FIRRMA is the impetus for the new control (Section 1758 of the Export Control Reform Act (ECRA) mandated that BIS expand controls to include emerging and foundational technologies that are essential to US national security). In November 2018 BIS issued an advance notice of proposed rulemaking (ANPRM) asking for public input on possible emerging technologies to be controlled, and included AI and positioning technologies on its list of 14 general areas that BIS may control. BIS received more than 200 comments across industry and academia on the proposed technologies. However, BIS has taken little action on emerging technologies since the ANPRM (for further details please see "CFIUS 2.0: expansion of jurisdictional scope remains in limbo as tech minority investments emerge"). The exception to this statement is, arguably, the implementation of controls on five emerging technologies (for further details please see "Post-quantum cryptographic algorithms and air launch platforms: BIS adds fives new technologies to CCL") pursuant to the Wassenaar Arrangement, drafted before ECRA's enactment.
This new control may come as an unwelcome surprise for US companies that are involved with this specific type of AI, especially those that intended to raise future capital from a foreign source. These companies would be well served to consult CFIUS counsel on the impact of this new development on any upcoming transactions. Also, in the next several weeks, CFIUS is expected to finalise and publish its comprehensive regulations implementing FIRRMA, which must be in effect by 13 February 2020. It is unclear whether and to what extent those regulations might continue to mandate CFIUS filings for technology deals, as has been the case for the past year under CFIUS's critical technologies pilot programme.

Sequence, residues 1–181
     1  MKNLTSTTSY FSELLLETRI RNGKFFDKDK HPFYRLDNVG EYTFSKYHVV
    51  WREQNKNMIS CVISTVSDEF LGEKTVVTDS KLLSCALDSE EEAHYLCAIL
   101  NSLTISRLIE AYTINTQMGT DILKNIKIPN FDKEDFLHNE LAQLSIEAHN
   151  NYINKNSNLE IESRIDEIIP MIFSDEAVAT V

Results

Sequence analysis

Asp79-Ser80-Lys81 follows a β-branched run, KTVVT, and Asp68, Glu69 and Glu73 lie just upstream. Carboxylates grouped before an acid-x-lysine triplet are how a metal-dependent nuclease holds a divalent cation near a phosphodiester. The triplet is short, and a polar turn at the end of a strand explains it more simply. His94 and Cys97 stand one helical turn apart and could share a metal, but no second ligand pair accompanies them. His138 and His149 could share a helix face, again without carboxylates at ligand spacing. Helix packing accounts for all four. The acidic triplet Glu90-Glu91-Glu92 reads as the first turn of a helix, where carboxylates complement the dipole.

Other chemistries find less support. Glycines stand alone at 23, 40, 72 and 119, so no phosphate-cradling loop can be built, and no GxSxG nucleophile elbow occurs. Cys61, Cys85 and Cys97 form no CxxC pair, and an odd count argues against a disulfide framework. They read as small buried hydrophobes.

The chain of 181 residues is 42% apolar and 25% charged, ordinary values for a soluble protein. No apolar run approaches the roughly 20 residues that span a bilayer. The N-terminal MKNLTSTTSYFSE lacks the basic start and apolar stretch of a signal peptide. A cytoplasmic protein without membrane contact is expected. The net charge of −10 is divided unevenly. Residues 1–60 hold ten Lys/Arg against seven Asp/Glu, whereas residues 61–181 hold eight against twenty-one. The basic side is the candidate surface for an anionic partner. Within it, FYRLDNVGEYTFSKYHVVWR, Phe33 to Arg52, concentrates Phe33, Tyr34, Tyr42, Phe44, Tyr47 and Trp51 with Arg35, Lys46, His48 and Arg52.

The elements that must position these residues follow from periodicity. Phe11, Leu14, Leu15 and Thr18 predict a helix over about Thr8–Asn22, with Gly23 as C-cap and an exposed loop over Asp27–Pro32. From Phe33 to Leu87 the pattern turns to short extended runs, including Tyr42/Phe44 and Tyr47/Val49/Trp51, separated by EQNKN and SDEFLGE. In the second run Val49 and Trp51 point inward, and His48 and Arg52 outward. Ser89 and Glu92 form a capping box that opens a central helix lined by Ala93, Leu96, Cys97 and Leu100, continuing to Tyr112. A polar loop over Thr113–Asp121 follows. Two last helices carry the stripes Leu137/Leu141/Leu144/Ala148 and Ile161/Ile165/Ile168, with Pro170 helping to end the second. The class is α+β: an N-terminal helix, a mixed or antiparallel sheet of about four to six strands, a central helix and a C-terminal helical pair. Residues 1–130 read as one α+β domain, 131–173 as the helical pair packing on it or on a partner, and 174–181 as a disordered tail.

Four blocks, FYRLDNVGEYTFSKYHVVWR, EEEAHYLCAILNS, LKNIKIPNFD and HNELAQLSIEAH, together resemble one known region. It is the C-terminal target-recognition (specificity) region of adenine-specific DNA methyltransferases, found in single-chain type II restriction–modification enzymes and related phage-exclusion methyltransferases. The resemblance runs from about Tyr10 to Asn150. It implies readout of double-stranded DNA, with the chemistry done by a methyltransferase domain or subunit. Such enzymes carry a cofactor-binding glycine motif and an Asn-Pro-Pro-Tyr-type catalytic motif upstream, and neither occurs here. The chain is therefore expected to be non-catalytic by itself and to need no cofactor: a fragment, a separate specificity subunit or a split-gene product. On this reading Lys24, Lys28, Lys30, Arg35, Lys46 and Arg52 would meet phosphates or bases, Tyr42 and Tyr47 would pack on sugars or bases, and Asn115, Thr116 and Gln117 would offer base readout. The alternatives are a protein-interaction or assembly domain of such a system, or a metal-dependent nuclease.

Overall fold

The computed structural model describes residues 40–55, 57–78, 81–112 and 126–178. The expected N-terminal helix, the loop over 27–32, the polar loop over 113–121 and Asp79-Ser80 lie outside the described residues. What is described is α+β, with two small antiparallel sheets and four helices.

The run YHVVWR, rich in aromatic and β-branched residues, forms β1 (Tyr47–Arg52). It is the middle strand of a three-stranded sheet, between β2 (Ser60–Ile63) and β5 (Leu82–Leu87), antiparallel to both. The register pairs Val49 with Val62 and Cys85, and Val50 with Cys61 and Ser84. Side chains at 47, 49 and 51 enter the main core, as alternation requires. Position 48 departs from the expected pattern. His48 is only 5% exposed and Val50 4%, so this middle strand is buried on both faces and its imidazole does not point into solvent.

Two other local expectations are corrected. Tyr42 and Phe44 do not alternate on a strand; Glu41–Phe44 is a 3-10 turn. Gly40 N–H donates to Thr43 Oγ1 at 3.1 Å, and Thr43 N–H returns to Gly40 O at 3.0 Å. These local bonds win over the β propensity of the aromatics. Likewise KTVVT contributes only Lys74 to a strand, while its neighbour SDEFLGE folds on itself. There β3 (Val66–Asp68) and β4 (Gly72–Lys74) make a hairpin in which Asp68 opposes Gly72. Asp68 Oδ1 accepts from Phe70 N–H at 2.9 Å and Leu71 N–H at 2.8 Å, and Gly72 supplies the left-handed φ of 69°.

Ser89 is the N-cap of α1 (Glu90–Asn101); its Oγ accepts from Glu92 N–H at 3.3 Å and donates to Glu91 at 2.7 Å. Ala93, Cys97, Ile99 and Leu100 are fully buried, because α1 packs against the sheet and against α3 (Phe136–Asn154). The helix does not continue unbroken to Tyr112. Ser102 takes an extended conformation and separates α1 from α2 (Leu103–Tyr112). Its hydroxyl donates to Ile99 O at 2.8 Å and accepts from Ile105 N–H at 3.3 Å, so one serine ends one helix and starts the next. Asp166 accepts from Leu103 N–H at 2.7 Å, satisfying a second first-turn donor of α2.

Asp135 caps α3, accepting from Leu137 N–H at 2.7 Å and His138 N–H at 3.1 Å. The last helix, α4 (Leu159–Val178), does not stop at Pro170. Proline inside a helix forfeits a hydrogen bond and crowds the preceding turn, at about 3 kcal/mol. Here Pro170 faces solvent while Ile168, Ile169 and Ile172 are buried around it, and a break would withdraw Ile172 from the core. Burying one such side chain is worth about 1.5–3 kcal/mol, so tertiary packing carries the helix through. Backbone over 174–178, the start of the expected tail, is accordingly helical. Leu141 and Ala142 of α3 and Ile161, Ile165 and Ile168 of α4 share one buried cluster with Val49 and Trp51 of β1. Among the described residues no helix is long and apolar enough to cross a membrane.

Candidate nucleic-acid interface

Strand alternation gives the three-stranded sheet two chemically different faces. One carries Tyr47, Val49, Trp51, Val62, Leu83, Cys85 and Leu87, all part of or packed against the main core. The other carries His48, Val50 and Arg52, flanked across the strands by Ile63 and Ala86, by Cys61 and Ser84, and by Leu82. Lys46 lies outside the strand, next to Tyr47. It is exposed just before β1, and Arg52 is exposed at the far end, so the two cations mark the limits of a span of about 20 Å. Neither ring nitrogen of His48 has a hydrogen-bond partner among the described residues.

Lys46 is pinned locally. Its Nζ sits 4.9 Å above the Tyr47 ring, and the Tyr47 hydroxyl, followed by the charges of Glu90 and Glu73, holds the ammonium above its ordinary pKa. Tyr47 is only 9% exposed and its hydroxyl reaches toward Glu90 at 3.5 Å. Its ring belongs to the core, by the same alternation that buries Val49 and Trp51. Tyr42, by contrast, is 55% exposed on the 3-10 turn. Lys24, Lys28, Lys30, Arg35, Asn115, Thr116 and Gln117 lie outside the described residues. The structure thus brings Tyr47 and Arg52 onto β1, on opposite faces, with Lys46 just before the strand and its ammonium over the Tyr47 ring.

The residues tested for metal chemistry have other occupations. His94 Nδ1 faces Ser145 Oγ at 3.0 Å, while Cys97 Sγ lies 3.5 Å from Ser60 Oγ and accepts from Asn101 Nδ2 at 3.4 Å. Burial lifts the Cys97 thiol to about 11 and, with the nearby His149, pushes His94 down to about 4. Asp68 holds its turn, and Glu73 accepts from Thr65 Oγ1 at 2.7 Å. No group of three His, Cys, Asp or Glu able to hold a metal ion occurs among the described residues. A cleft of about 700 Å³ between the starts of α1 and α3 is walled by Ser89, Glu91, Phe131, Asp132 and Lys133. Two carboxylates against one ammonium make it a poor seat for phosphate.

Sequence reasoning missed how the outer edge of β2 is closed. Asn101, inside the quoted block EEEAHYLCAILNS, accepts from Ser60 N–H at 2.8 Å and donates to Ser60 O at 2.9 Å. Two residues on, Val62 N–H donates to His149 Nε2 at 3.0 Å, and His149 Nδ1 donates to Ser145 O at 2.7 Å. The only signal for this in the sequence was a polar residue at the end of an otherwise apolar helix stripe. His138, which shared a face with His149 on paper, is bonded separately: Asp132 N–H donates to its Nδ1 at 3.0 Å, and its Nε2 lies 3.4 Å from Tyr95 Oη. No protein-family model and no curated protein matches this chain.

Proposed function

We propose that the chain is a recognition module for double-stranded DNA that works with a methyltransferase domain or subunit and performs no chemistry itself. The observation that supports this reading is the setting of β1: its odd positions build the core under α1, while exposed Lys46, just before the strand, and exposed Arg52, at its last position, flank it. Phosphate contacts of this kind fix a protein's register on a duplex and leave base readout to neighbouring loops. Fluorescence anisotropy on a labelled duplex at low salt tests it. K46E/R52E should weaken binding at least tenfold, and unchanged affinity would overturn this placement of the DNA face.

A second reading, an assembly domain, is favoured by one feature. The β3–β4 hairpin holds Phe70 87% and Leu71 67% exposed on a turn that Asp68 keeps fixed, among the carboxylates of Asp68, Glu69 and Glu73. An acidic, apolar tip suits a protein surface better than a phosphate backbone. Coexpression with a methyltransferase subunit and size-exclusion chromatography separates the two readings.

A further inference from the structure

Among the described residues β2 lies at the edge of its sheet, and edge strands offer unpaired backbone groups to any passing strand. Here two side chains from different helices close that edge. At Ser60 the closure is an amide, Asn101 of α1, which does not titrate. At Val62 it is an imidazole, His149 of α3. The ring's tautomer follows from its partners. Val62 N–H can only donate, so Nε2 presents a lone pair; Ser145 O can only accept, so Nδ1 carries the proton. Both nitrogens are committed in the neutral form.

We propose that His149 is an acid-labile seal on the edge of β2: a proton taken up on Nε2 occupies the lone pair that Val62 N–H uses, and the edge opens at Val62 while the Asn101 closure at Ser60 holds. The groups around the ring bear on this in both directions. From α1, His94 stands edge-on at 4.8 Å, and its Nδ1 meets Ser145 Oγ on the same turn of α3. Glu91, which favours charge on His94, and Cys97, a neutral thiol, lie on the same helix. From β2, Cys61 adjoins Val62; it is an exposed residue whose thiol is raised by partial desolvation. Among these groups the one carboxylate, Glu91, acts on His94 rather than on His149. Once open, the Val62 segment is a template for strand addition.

However, what is clear is that by adding software designed to automate the analysis of geospatial imagery to the CCL, BIS has expanded the list of critical technologies and slightly widened the purview of CFIUS.